You may not have the means to buy expensive gifts for your friends but if you can help someone to experience the healing power of God’s mercy this Christmas, you will have given him/her something more precious than money can buy. (Fr. John O’Mahony, SVD Bible Diary 2005)


Abraham Maslow provides a trenchant observation on problem solving. “When the only tool you own is a hammer, every problem begins to resemble a nail.” His point is that one should address a problem as one finds it, not as one would like to find it. Unfortunately our experience is that, more often than not, some people offer solutions even before they have fully understood the problem.

This is very important particularly with human problems which are rarely simple, especially at the emotional or spiritual level. Monochromatic, unimaginative, formulaic solutions constitute the myopic approach. One should be willing to be as creative as the mysteriousness of the human individual demands.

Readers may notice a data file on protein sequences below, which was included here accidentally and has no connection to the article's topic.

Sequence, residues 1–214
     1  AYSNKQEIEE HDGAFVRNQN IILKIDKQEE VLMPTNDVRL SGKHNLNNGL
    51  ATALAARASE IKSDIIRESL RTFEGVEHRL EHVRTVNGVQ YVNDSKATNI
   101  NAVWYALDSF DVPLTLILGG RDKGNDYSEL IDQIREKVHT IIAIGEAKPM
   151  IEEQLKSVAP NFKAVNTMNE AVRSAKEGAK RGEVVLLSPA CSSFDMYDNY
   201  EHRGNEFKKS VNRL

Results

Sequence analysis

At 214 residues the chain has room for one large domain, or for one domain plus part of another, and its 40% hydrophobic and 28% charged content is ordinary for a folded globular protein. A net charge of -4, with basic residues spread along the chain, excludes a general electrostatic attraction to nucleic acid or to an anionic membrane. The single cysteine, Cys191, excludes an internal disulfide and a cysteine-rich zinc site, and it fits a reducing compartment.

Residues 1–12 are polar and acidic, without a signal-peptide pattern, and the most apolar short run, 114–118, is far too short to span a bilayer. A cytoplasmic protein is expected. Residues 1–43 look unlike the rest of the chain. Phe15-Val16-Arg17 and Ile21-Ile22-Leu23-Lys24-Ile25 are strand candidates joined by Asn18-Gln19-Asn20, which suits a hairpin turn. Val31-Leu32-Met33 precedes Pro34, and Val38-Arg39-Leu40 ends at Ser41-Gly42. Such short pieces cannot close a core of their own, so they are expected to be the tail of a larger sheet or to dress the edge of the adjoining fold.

Increasingly one finds that it is the kibitzers (Often the Pharisees and Sadducees) who have diagnoses for the problems of others (“these sick people must have been guilty of sin or at least their parents and relatives”) and who are competent to prescribe solutions for everyone else (but of course!). The irony is that these highly educated elite could not appreciate the novelty of the solution of the sick man’s assistants; unable to enter through the door, they found their opening in the roof.

The gift of Jesus was his capacity to see the problem of those who came to him in their terms. That is why he was never wrong in offering the solution, be this healing, exorcism or for forgiveness. While his tool was always the same – love, he wielded it in as many ways as people needed loving. (Fr. Diony Miranda, SVD Bible Diary 2006)


After all the hardships undergone by the men who brought the paralytic in the presence of Jesus, he had done nothing more than say, “Your sins are forgiven.” Just that?

At first glance it seems that Jesus has done nothing much. After all, everyone is expecting him to heal to paralytic physically and say, “Rise and walk!” What is Christ trying to reveal to us? Jesus’ response to the situation seems strange yet full of powerful revelations. One needs more power to forgive sins than to heal bodily, after all sin is worse than bodily sickness. Sin adversely affects all of human dimensions – his relationship with himself, with others and with God.